I’ve noticed a lot of people coming to my blog after seeing/hearing my story “Picture Perfect” on Violet Blue’s podcast, and maybe they did come for the cookie recipes (which are definitely worth a visit), but I’m assuming the real reason is some curiosity about my story and its creation.
As I mentioned, “Picture Perfect” was my very first erotic story to see print in an erotica anthology. “Blindfold” appeared in Rain Crow in print and “The Cunt Book” was online in In Posse Review 15 (both are inarguably erotica), but this was the first time my story was in the company of erotica greats like Alison Tyler and M. Christian. I remember Violet called to give me the good news because her email to me had bounced due to some internet bug going around at the time that was falsely marking my mailbox as full and bouncing everything! If Violet had been less conscientious, I might have missed the opportunity to publish the story, which is scary, huh? And now the story is in Italian and everything. Ah, yes, tales of the trade. But that’s not what you really want to know, is it?
You want to know if the story is based in my real life, right?
Permit me a digression of sorts. As I was thinking about the inspirations for this story, I kept going back to an idea I took away from my reading of Jack Morin’s The Erotic Mind: Unlocking the Inner Sources of Passion and Fulfillment. Morin claims that each of us has a “core erotic theme,” a sexual fantasy that taps into our deepest needs. Not that we can’t enjoy a variety of sexual fantasies, but each of us does tend to gravitate toward fantasies with similar dynamics (sex in public, he’s on top, she’s on top, etc). In a questionnaire he includes for readers he helps us identify this by asking which fantasy we turn to when we’re having trouble getting turned on, the one that always works like a charm. I think it’s a worthwhile exercise in self-knowledge to identify what turns us on. Knowledge is power, ya know?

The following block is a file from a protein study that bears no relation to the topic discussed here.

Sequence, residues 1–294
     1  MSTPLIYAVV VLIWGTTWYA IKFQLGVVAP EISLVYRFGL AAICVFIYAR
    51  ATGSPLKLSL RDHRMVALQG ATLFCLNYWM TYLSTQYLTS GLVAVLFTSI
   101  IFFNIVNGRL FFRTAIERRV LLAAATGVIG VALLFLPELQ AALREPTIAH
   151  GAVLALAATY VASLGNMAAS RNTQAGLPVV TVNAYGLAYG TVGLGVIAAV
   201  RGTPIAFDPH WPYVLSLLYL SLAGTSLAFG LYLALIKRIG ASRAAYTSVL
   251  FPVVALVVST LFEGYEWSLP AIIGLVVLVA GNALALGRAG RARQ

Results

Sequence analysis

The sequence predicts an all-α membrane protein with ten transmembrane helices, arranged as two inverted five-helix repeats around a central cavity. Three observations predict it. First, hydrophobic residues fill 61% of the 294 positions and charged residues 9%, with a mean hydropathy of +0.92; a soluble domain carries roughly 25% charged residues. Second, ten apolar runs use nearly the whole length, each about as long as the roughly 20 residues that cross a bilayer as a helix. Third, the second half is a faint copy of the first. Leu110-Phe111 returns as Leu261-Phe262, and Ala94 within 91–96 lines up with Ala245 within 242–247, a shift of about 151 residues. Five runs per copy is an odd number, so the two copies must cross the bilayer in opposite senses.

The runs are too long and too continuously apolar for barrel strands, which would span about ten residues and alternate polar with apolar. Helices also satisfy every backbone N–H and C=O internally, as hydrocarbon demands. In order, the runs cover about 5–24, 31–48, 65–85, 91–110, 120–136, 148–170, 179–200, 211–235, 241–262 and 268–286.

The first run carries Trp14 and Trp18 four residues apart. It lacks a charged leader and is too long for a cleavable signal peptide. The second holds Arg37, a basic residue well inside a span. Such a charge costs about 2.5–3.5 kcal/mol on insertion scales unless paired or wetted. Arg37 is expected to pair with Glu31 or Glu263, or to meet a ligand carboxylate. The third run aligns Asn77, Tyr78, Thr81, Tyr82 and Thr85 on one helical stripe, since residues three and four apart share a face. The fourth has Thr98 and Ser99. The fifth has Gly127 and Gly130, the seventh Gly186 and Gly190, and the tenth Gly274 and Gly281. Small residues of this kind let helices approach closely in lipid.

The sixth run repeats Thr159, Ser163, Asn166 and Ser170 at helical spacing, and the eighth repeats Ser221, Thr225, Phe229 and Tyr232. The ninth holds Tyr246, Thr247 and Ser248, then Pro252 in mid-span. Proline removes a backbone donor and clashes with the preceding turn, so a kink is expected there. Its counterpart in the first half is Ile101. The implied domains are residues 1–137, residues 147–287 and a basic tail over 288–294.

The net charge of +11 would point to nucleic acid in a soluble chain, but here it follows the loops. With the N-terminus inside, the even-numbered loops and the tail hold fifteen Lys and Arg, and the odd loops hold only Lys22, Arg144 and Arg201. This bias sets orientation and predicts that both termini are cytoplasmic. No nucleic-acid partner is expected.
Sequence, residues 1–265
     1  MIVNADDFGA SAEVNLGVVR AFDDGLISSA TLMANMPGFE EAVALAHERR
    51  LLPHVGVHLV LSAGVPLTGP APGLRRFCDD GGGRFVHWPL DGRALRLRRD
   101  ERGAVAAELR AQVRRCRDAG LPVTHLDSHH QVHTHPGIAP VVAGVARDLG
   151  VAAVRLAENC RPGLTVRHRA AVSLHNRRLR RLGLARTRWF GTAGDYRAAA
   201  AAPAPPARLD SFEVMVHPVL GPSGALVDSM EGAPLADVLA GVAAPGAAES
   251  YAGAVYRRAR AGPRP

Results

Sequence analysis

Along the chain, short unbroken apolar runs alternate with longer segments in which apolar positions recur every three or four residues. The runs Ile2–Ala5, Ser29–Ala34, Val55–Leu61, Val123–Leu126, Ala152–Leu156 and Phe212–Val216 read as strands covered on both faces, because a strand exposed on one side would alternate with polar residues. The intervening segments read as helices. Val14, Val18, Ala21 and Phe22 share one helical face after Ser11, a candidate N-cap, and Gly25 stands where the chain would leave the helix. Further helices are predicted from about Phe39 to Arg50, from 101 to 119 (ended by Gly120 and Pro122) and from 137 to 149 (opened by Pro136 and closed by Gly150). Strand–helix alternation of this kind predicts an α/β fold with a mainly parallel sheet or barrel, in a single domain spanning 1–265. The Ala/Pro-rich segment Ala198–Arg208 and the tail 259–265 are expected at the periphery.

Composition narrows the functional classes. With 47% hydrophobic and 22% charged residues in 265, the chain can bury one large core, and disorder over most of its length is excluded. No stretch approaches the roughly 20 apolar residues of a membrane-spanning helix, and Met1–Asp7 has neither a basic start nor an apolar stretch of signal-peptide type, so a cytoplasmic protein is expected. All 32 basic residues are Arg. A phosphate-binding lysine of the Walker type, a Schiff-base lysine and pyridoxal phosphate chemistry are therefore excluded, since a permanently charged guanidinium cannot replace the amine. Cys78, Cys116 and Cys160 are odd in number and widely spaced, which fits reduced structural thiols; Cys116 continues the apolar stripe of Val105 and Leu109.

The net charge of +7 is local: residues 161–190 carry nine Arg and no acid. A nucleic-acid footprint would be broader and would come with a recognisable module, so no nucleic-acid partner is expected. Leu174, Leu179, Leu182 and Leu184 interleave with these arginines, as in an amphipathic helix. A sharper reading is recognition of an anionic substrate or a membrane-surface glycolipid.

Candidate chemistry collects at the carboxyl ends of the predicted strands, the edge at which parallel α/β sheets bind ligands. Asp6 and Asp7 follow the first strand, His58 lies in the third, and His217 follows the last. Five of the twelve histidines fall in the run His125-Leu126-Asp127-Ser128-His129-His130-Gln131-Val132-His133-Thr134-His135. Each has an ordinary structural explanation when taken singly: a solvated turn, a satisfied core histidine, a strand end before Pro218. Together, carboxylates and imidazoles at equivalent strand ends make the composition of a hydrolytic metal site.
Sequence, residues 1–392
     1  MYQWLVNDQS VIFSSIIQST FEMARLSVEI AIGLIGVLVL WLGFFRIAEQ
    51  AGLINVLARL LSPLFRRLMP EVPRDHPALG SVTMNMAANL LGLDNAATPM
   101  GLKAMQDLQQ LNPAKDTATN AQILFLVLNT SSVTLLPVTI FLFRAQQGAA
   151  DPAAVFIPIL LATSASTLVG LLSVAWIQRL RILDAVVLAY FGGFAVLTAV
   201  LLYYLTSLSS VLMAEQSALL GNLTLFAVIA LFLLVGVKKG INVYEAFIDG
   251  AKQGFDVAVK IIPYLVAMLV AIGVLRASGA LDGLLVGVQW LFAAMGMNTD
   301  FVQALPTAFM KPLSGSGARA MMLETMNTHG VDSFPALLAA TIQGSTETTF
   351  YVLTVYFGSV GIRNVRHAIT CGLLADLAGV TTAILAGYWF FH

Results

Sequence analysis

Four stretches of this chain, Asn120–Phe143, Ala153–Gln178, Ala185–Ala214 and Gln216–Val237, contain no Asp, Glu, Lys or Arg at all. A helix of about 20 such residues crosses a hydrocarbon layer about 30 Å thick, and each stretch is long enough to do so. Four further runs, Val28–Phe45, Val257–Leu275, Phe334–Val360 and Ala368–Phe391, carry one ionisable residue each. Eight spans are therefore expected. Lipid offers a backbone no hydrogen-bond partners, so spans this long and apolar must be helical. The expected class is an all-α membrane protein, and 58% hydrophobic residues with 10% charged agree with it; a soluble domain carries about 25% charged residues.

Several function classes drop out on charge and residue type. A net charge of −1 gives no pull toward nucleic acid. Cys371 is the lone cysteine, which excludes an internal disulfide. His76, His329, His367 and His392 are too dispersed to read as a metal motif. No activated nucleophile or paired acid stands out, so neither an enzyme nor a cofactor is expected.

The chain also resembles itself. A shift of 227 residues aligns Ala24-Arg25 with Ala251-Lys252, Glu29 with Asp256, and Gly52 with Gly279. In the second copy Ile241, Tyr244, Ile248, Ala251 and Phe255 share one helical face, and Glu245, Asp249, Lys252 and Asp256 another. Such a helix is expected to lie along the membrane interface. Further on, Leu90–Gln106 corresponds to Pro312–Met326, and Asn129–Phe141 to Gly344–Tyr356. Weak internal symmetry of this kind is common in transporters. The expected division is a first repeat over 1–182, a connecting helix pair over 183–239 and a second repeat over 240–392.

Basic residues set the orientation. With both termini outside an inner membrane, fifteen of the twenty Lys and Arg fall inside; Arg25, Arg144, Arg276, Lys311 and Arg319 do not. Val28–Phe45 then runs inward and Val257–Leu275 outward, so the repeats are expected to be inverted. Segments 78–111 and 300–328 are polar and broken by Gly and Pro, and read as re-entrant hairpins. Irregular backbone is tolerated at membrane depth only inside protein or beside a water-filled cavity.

Anyway, when I look at my body of work, now grown much larger since Violet’s exciting call of acceptance back in 2003, I’d have to say my core erotic theme has something to do with revelation and exposure. This makes sense for a writer—as I’ve discussed earlier here in my blog, we writers are all exhibitionists of the soul more or less. But this theme finds its way into many of my stories in concrete form such as “Picture Perfect” and “The Cunt Book” (which is sort of a still-photo version of PP. You can read it here.) So there you go, the story is based on my most profound psycho-sexual truth. Another dynamic many of my stories share is that the female partner always takes an active role in creating the sex scene. Although her lover may cajole her into doing something “naughty” at first, she quickly gets on board and comes up with some of the best ideas herself! This is definitely true of Kira in “Picture Perfect”—and that’s what gives the story momentum, the give-and-take of a couple creating a scene together.
Another digression—bizarre as this sounds, I first saw Nagisa Oshima’s In the Realm of the Senses with my mother! I more or less knew what I was getting into when I suggested we see the movie in an art house in Georgetown back in 1985, and I did a pretty good job of playing it cool to show my maturity, even when Sada Abe was doing that weird thing with the egg. Afterwards, when we were having the requisite discussion of the film—a must for art house movies--I tried to argue that behind the non-stop sex scenes was a political allegory. I believe this is true, but I suspect I was trying a little too hard with mom due to a lingering discomfort of seeing a dirty movie with her and blurring that false, yet powerful, boundary our society has erected between motherhood and sex. So, okay, “Picture Perfect” is not the international masterpiece Realm is (remember, though, it has been translated!), but my intention was also to challenge the socio-political hierarchy in a small way.
Kira and Brian’s fantasy—that a dot-com billionaire is paying to watch them have sex—is based on the assumption that the voyeur has the power because he has more money. He is the one getting his wish because he is buying his chance to see a “proper” wife’s sexuality fully revealed—far more rare than say a professional porn actress’ supposed ecstasy. And yet, with the last line—the rich guy gets the couple’s loving kiss for free—completely reverses this power dynamic. (Yeah, I know, it’s kind of like that terrible cliché “the best things in life are free” but it’s true and that last line always gives me a little thrill. Take that dot-com billionaires!) The rich guy who can supposedly have everything he wants is now just a lonely masturbator in his private screening room, cut off from all the passion and creativity and connection Kira and Brian are enjoying in the flesh.
Come on, this is profound, okay?!
What? Cut the warmed-over, pretentious grad school bull, you say? All you really want to know is if the story is based in real life? Now come on, do you really expect me to answer that? Okay, okay, fine, you came all the way to my blog to find out and it took a lot out of you to click the mouse, right?
So, here's your answer: Yes. Sort of.
Thanks for dropping by!
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